James Menart, Ph.D. (Advisor); Rory Roberts, Ph.D. (Committee Member); Mitch Wolff, Ph.D. (Committee Member)
Master of Science in Renewable and Clean Energy Engineering (MSRCE)
At the present time, using wind and solar energy for producing electricity in the United States is becoming cost competitive. According to Lazard’s 2019  levelized cost of energy (LCOE) analysis of a number of energy sources used for producing electricity in the United States, wind and solar are cheaper than natural gas and coal. While capital, maintenance, operation, and fuel costs are included in LCOE numbers, energy source intermittency is not. Intermittency is an important issue with wind and solar energy sources, but not with natural gas or coal energy sources. Combining wind and solar energy sources into one electrical generating station, is one means by which the intermittency of the electricity provided by wind alone and solar alone can be reduced. The combination of wind turbines and solar photovoltaic panels into a wind-solar farm can produce electricity over a greater fraction of the day or year than wind or solar alone. Predicting the energy output of different combinations of wind turbines and solar panels in a wind-solar farm is an objective of this work. While yearly electricity production rates are an important and necessary part of this work, this quantity does not provide a means to compare the wind-solar farms to each other, to a pure wind farm, to a pure solar farm, or to meeting a given electrical demand by purchasing all electricity from the local electrical grid. An economic analysis has to be performed to do this. This is the ultimate objective of this work. The economic analysis done in this work determines the net present cost of providing a specified electricity demand by a wind-solar farm with grid backup. Including grid purchased electricity to meet demand that cannot be met by the wind-solar farm is essential in this economic analysis. This sets the net present cost of providing all the electricity demand by grid purchased electricity as the cost that must be beat by a wind-solar farm with grid backup. Using grid backup also ensures that all of the electrical demand is met. Doing the economic analysis this way, means the intermittency costs of wind and solar are included in the economic analysis. The electrical output of many combinations of wind turbines and solar panels into one wind-solar farm are simulated in this work to see which combination provides the lowest netiv present cost of electricity for a specified electrical demand. The net present cost analysis performed n this work is different than a LCOE analysis because all the electricity produced for the net present cost analysis does not have value. For most of the simulations in this work, excess generated electricity is given no value. Only one economic simulation, for a given location, performed in this work is allowed to sell excess electricity from the wind-solar farm back to the electrical grid; and this is done at half the price at which it is purchased. The mathematical models that were pieced together to perform this work are presented. Detailed models of the solar and wind resource are utilized. The conversion of solar energy into electricity by the solar panels is handled with a solar panel efficiency. The conversion of wind energy into electricity is handled with a wind turbine power curve. Demand profiles for a given location are obtained from those published on the internet. The net present cost analysis is done including the time value of money. A MATLAB program was written to obtain numerical results from the mathematical models brought together to simulate the performance and costs of a windsolar farm with gird backup. Many results are presented in this thesis for three different cities in the United States. These cities are Rio Vista, California, Dallas, Texas, and Dayton, Ohio. For each of these locations, electricity demand profiles, wind and solar resource profiles, electricity produced by different sizes of wind-solar farms, excess electricity produced by these wind-solar farms over the required demand, and the net present cost of these wind-solar farms with grid backup using different cost constraints are presented. A base case of costs is developed and then single changes to these base case costs are investigated. The results show that combining wind turbines with photovoltaic panels can reduce the cost of providing a specified electricity demand. In Rio Vista, California wind-solar farms are cost competitive, whereas in Dayton, Ohio they are not. Whether a windsolar farm is cost competitive in Dallas, Texas depends on the cost conditions. A key factor in determining the attractiveness of wind-solar farms under the conditions used in this study, is the cost of grid electricity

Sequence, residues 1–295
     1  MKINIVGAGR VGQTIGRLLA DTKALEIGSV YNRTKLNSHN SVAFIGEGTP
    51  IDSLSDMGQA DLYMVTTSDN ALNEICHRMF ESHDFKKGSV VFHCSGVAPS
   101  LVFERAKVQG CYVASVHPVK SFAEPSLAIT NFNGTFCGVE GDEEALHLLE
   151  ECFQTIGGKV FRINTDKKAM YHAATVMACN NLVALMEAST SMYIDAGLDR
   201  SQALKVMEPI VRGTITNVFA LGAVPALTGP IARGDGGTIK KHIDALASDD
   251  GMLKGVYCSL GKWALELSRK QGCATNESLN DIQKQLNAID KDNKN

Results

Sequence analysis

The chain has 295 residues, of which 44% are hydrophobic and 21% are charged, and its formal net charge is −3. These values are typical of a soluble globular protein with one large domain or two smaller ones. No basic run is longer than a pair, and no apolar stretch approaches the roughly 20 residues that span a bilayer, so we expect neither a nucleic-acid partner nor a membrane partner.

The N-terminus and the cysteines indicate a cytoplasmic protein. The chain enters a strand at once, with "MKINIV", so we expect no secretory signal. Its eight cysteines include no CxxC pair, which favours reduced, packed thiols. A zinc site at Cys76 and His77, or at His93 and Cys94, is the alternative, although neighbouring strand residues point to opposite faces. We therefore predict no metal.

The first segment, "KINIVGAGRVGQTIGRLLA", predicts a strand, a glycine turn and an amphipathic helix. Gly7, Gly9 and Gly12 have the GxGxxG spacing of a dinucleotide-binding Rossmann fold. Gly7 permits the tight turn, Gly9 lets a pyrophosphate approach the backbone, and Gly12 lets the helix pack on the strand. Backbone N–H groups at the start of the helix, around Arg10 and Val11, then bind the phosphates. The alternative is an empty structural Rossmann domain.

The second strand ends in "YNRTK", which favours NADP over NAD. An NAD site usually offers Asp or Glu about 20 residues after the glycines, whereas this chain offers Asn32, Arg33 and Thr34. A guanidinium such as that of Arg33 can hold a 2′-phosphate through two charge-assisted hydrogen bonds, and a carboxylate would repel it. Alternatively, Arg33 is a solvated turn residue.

Year Degree Awarded
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